10 Hygiene Facts and Tips You've Probably Never Heard Of

by - 8:00 AM

People who know me really well know that I am a total germophobe. When my friends on my dance team would offer to share water bottles, I would hard pass. Someone wants me to try their food? Off the fork they have already put their mouth on? No thanks. If I'm using a public restroom, I flush with my foot. I use a barrier between my hand and the gas pump, like a glove or plastic bag. I ALWAYS have hand sanitizer on me. I wash my hands religiously. I could type like seven paragraphs about all of my weird germophobe tendencies. But I'll spare you.

This whole pandemic has just baffled me in more ways than one, but a major one being people's sudden determination to CLEAN ALL THE THINGS NOW. So... you mean to tell me that you haven't been cleaning your kitchen sinks regularly this whole time? You don't wipe down your buggy (yes, I say buggy, not "shopping cart") with sanitzing wipes each time you shop? YOU DON'T WASH YOUR HANDS EVERY TIME YOU USE THE BATHROOM, OR BEFORE YOU COOK?? I mean WHO ARE YOU?? Ick. Ick ick ick. Yuck, yucky gross. I hope everyone learns better health habits during this time and implements them into their regular, daily lives, even when this is over. Including staying home even when they think they could be ill. Holy guacamole this is just unreal.

ANYWAY. I'll save the ranting for another post because I'm sure that's not what you came here for.

I wanted to share a few things that I just recently discovered myself, along with some facts I live my life by. You may want to sit down if you aren't already because some of these are bound to shock you.

Photo by Daiga Ellaby on Unsplash

  1. You should always flush the toilet with the seat down!! This one is HUGE. Those lids weren't just made for sitting on while you clip your toenails. It acts as a protective barrier between you, everything else in your bathroom, and whatever you just dropped off at the "super bowl". When you flush the toilet, particles from the bowl can shoot up to SIX FEET in the air. Uh, GROSS. Bacteria from that lovely toilet mist can latch on to your clothes, your counter, YOUR TOOTHBRUSH... just do yourself and everyone else a favor and flush with the lid down. You're welcome.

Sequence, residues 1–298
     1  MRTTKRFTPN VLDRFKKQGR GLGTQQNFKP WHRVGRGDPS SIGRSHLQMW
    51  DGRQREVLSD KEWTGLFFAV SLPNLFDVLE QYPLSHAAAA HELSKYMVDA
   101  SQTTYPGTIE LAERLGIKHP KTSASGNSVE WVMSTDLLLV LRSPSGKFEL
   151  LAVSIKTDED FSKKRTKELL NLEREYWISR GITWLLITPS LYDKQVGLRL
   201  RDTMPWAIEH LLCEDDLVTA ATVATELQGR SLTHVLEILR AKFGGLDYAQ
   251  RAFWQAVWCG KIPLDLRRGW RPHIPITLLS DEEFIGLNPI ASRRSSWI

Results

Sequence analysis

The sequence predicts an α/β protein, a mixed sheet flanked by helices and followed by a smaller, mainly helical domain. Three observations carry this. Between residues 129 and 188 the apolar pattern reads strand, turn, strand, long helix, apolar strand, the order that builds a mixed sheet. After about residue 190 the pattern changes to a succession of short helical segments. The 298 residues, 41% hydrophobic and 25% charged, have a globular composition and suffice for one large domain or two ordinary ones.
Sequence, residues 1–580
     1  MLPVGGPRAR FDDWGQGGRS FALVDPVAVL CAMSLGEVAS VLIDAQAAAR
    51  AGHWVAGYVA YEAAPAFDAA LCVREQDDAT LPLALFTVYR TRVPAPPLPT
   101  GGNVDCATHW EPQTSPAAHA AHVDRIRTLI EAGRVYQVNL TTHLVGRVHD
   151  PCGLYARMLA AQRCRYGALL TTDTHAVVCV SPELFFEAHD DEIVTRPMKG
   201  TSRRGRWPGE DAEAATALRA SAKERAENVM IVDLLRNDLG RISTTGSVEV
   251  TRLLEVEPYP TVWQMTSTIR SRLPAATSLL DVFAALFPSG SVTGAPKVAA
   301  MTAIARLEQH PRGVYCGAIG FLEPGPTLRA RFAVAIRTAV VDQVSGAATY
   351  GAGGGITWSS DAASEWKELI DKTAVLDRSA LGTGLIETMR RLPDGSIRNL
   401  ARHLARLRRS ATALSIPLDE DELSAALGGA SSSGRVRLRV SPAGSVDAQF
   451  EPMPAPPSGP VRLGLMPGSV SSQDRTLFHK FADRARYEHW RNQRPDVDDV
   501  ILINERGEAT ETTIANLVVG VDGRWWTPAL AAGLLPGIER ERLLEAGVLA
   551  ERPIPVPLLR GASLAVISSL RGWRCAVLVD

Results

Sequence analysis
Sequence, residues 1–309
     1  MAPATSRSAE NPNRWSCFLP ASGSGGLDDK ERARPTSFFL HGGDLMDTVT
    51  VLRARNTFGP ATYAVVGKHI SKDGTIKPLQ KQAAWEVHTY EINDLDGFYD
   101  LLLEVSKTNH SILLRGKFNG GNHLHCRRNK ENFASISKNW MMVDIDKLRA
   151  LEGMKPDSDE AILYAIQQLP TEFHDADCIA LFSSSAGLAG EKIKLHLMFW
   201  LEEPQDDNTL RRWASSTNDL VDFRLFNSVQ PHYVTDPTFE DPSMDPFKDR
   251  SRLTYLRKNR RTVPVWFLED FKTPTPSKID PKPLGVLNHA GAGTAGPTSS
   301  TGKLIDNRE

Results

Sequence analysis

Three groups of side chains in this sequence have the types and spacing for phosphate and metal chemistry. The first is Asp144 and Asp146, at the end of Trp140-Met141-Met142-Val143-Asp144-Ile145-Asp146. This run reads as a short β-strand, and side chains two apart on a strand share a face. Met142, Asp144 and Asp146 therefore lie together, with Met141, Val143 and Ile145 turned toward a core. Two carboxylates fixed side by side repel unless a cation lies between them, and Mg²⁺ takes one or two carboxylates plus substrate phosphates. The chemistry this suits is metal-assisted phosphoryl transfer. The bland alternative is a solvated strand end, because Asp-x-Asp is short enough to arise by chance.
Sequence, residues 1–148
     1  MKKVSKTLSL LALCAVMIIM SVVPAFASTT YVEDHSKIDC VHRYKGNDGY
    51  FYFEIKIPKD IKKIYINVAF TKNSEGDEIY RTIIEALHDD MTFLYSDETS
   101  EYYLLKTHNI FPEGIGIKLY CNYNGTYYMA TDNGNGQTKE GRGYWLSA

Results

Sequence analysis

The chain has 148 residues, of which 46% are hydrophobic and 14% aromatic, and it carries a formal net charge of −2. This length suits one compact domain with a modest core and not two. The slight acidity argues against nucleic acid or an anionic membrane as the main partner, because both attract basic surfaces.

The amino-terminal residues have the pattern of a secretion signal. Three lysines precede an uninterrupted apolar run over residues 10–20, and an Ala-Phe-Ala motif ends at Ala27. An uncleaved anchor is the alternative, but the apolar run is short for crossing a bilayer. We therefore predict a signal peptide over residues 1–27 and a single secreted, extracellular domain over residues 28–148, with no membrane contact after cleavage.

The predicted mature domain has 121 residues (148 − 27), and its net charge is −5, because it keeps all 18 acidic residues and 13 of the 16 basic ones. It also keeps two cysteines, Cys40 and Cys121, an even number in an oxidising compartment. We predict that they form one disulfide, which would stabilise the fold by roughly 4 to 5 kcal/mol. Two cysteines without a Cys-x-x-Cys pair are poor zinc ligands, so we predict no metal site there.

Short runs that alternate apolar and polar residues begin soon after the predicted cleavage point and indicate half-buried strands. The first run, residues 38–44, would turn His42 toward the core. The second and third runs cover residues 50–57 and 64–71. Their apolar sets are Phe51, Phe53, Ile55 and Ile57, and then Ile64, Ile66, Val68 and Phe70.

2. Switch to rags instead of sponges. I did this last year for multiple reasons. One being my transition into a zero-waste lifestyle (more on this later--so excited to talk about it), but probably the biggest reason is this: your kitchen sponge can contain thousands of bacteria per square inch including E. coli and Salmonella. Sick. Ditch your porous, squishy breeding ground for bacteria now, sis. You can get a fat pack of cheap rags at Walmart for just a buck or two. I keep two large stacks in my kitchen drawer for cleaning up messes, and for dishes. I use one a day, then toss it in the laundry basket. The next day, I get to start with a fresh, clean rag.
  3. Trash your loofah. Similar to the sponge story, your loofah is also the home of cesspool of bacteria. Especially since it likely never dries completely between showers, because you keep it in your shower, which is neither cool nor well ventilated. Switch to washcloths and use a new one each time.